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Psychological Concept of Humans Eating Behavior Report


Studies examining the eating behaviours of various individuals show that the amount of food consumed is directly affected by outside environmental food cues which trigger a response which causes the feeling of hunger which in turn causes a person to eat (Hepworth et al, 2010).

Not only that, the amount of food consumed has been shown to marginally increase depending on the type and level of the environmental attribute attempting to influence an individual (Cohen, 2008). This can come in the form of appearance, smell or even personal preference towards a particular food type which triggers the response for the body to get hungry (Van der Laan et al., 2011) (Radnitz et al., 2009).

It must be noted that food cues can be considered a form of conditioned stimuli for the body wherein after a certain degree of exposure the body reacts through the production of increased salivation and changes in blood glucose levels in order to prepare the body for the intake of food (Hou et al., 2011).

Such a reaction is similar to what is seen in various Pavlovian conditioning mechanisms wherein after a certain time the body reacts in a predetermined fashion after continuous environmental cues which creates the behaviour (Boggiano et al., 2009). In this particular case it is the exposure to food cues which in turn causes the body to react as a result of an inherent conditioning mechanism.

It can even be assumed that the sudden feeling of hunger individuals experience after being exposed to a food cue can thus be attributed to the body’s inherent Pavlovian conditioning mechanism wherein in expectation of the consumption of food the body reacts in a predetermined fashion such as changes in blood glucose levels, the increased release of stomach acids and greater degrees of salivation (Galarce et al., 2010).

As such, this reaction is attributed to the condition of being hungry when in fact it was the result of a food cue and not a denial of earlier sustenance that caused the reaction. On the other hand, such a reaction does not happen on a continuous case to case basis, in fact in some cases wherein despite the level of exposure involved the desire to eat does not manifest itself as readily in some individuals compared to others (Polivy et al., 2008).

This lack of desire or rather behavioural resistance to the compulsion of eating is thus attributed to the concept of restraint which refers to an individuals concern over their food intake versus the amount their body actually needs (Geyskens et al, 2010) (Cornier et al., 2009).

It must be noted that the concept of restraint varies per individual as evidenced by the rising factors of obesity within the U.S., Europe and various other countries (Hollitt et al., 2010) (Ouwehand & Papies, 2010).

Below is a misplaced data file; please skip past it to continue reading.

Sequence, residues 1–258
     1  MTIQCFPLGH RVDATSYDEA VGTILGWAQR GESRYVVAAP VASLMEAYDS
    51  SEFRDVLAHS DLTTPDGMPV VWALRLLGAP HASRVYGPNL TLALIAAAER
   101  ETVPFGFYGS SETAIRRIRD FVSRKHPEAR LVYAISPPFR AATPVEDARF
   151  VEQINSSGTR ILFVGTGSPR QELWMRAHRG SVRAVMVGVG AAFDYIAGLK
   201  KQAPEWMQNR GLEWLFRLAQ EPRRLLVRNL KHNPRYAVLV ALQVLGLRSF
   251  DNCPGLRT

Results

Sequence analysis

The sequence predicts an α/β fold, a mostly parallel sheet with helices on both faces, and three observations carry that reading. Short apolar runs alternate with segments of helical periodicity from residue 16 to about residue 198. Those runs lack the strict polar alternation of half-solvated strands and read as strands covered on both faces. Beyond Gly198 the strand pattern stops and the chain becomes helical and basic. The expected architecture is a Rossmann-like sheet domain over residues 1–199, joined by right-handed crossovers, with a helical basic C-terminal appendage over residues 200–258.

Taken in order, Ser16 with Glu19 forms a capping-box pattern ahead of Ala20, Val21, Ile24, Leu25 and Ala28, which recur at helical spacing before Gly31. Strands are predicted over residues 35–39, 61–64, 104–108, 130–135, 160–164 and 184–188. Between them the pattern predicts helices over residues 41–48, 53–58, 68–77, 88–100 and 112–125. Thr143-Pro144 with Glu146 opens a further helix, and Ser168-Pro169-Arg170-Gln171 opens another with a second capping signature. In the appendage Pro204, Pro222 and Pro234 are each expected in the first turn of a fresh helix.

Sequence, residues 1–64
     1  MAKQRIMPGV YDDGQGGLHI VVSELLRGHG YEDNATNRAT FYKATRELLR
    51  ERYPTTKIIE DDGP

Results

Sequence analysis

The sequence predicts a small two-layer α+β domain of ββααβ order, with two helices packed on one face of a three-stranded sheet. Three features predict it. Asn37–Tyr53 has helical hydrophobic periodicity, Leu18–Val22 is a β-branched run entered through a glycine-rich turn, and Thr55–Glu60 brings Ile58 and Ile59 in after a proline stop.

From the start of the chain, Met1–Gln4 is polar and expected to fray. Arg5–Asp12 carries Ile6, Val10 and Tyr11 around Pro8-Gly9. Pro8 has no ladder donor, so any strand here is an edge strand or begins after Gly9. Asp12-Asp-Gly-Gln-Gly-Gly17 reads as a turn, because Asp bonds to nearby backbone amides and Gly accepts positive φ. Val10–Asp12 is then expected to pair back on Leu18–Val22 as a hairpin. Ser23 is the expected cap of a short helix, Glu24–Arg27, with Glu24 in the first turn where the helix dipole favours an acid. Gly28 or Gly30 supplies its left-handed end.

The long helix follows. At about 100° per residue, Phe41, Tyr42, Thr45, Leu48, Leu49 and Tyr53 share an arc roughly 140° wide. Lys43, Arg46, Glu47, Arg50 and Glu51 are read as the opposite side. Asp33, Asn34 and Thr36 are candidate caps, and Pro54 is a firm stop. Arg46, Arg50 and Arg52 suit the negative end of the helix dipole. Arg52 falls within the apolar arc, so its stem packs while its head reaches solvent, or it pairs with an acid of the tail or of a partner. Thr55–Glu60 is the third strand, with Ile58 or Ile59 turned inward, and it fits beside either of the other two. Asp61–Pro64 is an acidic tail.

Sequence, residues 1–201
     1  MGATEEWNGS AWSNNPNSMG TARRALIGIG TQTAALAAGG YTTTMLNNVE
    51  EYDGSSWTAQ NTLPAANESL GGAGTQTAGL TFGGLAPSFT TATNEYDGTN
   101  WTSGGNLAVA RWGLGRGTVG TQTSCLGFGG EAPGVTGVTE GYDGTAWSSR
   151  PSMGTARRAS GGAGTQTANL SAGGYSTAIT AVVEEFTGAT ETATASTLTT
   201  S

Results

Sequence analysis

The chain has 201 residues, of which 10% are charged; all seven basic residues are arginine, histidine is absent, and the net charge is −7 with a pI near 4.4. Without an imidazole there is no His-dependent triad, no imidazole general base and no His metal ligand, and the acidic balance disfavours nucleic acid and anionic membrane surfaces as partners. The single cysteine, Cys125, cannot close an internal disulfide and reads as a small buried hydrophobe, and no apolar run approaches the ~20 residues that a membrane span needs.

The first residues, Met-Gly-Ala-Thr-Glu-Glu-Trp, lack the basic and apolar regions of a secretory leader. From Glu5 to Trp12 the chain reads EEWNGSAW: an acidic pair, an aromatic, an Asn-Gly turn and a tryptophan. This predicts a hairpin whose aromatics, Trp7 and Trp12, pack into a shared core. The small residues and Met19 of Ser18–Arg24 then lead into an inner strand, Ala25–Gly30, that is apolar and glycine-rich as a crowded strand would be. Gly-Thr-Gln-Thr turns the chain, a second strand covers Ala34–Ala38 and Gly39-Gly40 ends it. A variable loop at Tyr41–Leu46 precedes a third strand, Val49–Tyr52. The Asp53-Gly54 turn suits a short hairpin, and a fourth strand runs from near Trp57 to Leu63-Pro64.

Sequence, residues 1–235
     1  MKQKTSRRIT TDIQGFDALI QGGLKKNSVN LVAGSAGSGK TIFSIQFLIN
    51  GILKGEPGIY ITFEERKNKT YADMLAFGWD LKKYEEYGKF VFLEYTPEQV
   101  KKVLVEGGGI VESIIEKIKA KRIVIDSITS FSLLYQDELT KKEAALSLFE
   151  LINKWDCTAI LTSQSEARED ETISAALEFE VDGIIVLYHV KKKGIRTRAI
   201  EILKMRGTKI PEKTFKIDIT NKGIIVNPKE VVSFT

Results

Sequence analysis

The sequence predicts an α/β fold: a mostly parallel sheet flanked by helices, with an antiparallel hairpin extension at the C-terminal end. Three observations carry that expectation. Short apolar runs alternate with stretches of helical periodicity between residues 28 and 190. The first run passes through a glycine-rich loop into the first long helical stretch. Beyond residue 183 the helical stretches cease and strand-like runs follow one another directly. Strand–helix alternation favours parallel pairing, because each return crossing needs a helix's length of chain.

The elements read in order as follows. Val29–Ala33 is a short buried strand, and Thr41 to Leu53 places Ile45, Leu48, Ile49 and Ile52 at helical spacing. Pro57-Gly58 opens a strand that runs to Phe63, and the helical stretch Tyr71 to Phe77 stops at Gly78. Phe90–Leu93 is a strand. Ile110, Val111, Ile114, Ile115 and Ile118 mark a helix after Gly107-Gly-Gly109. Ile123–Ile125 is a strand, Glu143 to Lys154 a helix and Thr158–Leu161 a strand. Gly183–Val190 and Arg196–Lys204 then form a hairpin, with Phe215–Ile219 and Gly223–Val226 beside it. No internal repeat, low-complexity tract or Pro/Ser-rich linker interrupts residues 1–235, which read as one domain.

It has been shown by various studies that distinct behavioural traits of which restraint is included directly factor in to the caloric intake of an individual however various studies have been inconclusive as to how a factor such as restraint adequately develops in an individual so as to resist the compulsion to eat when presented with a food cue (Loxton et al., 2011).

Based on the presented data, this study assumes that by examining the scores at different levels of restraint specific individuals can be identified within the test subjects who respond differently to food cues or neutral cues. This data can thus be utilized to further examine the developmental attributes of restraint and how it manifests in certain people.


The results of the experiment showed that the overall mean of hunger levels in neutral or control condition was lower than in food condition which was to be expected given the nature of the testing phase since common sense dictates that people would have a much greater Pavolovian reaction to pictures of food (as mentioned earlier in the introduction) as compared to inedible objects.

While in the case of high-restrainers they had a bigger score of hunger in both conditions there was no significant difference in the change of the hunger score of low restraint group in neutral and food-cues conditions. It must also be noted that there was no significant difference was found in the change of the hunger level in high restraint group in neutral and food-cues conditions.

Finally a significant finding of the study was that the hunger score of high-restrainers’ had increased significantly more than in low- restrainers’ group. Based on the results of the study it can be seen that the experiment showed no significant difference in high- and low-restrainers’ hunger rating in neutral- and food-cue presentations.

An examination of various studies involving food cues reveals that the reason behind the results of the study can be connected to the type of food cue used to illicit a response from the subject (Loxton et al., 2011).

In other experiments it was shown that by utilizing both visual and olfactory senses in order to stimulate the subject a greater degree of rating difference was seen between high and low restrainers. It was noted by the studies that while visual cues can be used as a method of eliciting a particular response the researchers found that using a blindfold test the participants exhibited a greater response in terms of smell as compared to visual stimuli (Hepworth et al, 2010).

On the other hand a combination of both resulted in a far greater degree of hunger rating. The reason behind this is attributed to the fact that human response mechanisms have different reactive traits based on the degree and type of stimuli involved.

Various marketing studies have shown that while visual representations do illicit a form of hunger, when other sensory mechanisms are included into the assessment the level of hunger actually increases (Brignell et al., 2009).